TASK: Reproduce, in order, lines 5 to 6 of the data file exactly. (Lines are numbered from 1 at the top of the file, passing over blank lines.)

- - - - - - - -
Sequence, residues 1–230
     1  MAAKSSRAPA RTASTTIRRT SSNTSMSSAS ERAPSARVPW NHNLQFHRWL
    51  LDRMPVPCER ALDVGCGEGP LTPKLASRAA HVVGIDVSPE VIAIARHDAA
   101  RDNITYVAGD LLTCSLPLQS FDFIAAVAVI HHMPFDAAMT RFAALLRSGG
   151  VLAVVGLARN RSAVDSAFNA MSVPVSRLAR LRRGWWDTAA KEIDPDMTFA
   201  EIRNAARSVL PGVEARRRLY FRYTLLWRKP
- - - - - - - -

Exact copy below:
   151  VLAVVGLARN RSAVDSAFNA MSVPVSRLAR LRRGWWDTAA KEIDPDMTFA
   201  EIRNAARSVL PGVEARRRLY FRYTLLWRKP